In the past weeks, in talks given to the National Security Law Committee of the American Bar Association's International Section and at the Chautauqua Institution on the role of Russia in the Middle East, the question of the ethics behind Russia's intervention in Syria to prop up the regime of Bashar al-Assad has come up. Generally, the questioning follows along the lines of how Moscow can support a dictator who has used chemical weapons in his desperate attempts to retain power at all costs.
I have generally responded that in my view, the current Russian establishment acts amorally when it comes to international affairs, and certainly does not utilize any sort of situational ethical calculus in making decisions. If Assad is a "bad" leader, his faults, in Moscow's eyes, rest less in the crimes he is accused of and more in being weak at the beginning of the Arab Spring and creating conditions which led to the rebellion in the first place. Had he been more deft and effective, using force more judiciously, he should have never been in a position where his regime came so close to collapse whereby use of WMD as a last resort to stave off defeat (prior to the major Russian intervention) was required.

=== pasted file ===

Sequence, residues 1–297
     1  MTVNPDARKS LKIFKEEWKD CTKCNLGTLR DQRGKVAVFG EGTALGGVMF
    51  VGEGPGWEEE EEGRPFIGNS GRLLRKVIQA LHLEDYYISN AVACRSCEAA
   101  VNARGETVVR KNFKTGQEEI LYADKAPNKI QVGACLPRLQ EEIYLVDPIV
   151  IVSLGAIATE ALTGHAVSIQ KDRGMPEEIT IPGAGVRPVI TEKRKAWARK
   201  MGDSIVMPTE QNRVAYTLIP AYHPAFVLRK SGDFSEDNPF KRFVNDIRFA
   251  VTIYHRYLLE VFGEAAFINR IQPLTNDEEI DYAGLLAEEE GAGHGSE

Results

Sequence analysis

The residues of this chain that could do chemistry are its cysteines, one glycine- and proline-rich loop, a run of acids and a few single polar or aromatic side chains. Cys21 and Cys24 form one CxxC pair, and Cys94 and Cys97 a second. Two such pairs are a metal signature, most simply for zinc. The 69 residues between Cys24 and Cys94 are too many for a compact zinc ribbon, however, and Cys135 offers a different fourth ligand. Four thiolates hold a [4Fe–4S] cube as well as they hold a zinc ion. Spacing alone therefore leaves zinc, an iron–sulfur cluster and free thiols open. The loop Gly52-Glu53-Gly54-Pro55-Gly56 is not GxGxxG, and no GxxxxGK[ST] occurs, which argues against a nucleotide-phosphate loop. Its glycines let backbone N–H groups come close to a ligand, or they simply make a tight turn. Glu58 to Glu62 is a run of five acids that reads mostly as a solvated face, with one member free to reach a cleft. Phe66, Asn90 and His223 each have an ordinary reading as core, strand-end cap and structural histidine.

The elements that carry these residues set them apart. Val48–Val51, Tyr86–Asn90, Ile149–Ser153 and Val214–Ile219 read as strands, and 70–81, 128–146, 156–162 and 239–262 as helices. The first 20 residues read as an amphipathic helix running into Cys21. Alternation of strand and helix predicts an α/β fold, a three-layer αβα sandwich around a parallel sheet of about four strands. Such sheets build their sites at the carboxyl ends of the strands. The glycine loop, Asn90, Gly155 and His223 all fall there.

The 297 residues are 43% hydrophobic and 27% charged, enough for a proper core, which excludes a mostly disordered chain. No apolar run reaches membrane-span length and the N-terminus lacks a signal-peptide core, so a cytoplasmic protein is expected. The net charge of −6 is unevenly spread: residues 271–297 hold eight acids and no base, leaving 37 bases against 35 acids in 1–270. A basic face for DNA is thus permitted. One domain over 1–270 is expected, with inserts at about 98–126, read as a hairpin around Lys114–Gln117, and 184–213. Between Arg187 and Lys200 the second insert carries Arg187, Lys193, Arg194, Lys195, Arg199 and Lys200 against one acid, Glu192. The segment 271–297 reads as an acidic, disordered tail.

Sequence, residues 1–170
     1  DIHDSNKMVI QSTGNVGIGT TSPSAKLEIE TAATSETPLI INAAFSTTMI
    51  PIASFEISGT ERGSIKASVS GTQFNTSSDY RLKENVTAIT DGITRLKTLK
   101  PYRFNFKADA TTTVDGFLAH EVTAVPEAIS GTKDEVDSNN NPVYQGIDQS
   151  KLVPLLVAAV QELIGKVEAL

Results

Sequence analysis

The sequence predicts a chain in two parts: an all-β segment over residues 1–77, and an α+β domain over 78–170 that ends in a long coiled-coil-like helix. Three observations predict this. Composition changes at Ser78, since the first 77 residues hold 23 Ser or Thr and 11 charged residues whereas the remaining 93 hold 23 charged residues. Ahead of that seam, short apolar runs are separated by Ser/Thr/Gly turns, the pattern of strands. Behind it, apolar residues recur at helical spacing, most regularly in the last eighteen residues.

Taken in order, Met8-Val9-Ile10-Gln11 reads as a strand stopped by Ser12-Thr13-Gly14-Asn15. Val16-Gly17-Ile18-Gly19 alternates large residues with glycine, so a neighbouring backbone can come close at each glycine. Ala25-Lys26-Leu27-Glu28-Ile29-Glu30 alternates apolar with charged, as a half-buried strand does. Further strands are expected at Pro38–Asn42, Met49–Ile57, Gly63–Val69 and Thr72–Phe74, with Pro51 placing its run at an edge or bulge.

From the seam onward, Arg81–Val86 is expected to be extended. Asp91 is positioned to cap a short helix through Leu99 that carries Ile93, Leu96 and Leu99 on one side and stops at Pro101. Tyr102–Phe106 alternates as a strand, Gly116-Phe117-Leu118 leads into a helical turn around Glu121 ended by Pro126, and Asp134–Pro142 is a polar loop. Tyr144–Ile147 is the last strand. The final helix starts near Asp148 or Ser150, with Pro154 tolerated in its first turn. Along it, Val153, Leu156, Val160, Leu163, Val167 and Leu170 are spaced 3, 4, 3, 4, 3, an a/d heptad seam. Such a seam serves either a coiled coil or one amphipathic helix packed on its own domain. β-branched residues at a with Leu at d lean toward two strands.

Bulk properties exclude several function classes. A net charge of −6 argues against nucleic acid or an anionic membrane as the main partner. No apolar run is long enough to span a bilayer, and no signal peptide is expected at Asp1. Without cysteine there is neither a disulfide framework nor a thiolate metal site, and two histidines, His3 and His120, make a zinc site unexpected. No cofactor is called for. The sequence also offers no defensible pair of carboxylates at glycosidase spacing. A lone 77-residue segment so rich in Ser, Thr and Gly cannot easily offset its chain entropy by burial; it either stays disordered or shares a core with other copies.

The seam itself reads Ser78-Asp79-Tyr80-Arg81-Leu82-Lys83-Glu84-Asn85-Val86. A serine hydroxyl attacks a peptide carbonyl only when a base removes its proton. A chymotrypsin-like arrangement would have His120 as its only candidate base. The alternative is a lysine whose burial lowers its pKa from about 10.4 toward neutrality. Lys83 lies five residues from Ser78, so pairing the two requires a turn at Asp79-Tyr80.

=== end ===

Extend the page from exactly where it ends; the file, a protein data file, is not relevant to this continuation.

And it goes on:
The questioning, however, also reveals a fundamental chasm in current U.S. approaches to Syria. From our perspective, Assad remaining in power—and he has already outlasted the U.S. president who declared he had "to go"—is a moral affront. Yet for the last several years, we have been unwilling to mount the effort needed to remove him—and it was this assessment as to the limits of how far Washington would get involved which gave Russia the confidence to launch its own intervention in 2015. Russia is also not going to remove Assad for the United States to assuage our sense of ethics or respectability. Yet, at the same time, while Americans don't want to intervene to remove him, they also are uneasy about re-legitimizing him, which is why, despite successes on the battlefield, Assad's government still cannot get the political legitimacy at the negotiating table that would restore him to good standing among the family of nations and allow him to ability to rebuild his position. There is no Muammar Gadhafi-style rehabilitation Assad can go through at this point. The U.S. instead seems to be moving into a position of "no war, no peace"—that is, disengaging from Syria, but without formally conceding Assad's position.
Does this mean, that at some point, to secure their interests, Moscow might encourage (or pressure) Assad to step down in order to see a new leader come to power in Damascus who can move beyond Assad's legacy? That raises a separate question: Is there anyone in the current Syrian establishment that the U.S., and the West more broadly, would recognize as not having the stain of WMD use on their resume? And would a post-Assad government come about because of deals reached with regional actors like Turkey and Saudi Arabia, both of whom, despite being U.S. allies on paper, have forged a pragmatic, and daresay amoral, working strategic partnership with Russia—thus leading to a less-than-ethical, but stable outcome?